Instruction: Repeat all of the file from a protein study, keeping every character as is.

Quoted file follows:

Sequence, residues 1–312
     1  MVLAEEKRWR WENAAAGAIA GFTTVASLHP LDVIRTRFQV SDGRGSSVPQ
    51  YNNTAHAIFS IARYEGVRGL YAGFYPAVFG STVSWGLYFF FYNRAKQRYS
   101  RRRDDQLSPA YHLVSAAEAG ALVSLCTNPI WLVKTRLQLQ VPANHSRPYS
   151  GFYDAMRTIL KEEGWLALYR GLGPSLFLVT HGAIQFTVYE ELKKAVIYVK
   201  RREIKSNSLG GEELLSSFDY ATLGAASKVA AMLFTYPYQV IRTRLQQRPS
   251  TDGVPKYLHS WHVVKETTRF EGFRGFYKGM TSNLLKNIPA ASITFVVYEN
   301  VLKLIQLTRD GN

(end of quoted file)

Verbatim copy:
Sequence, residues 1–312
     1  MVLAEEKRWR WENAAAGAIA GFTTVASLHP LDVIRTRFQV SDGRGSSVPQ
    51  YNNTAHAIFS IARYEGVRGL YAGFYPAVFG STVSWGLYFF FYNRAKQRYS
   101  RRRDDQLSPA YHLVSAAEAG ALVSLCTNPI WLVKTRLQLQ VPANHSRPYS
   151  GFYDAMRTIL KEEGWLALYR GLGPSLFLVT HGAIQFTVYE ELKKAVIYVK
   201  RREIKSNSLG GEELLSSFDY ATLGAASKVA AMLFTYPYQV IRTRLQQRPS
   251  TDGVPKYLHS WHVVKETTRF EGFRGFYKGM TSNLLKNIPA ASITFVVYEN
   301  VLKLIQLTRD GN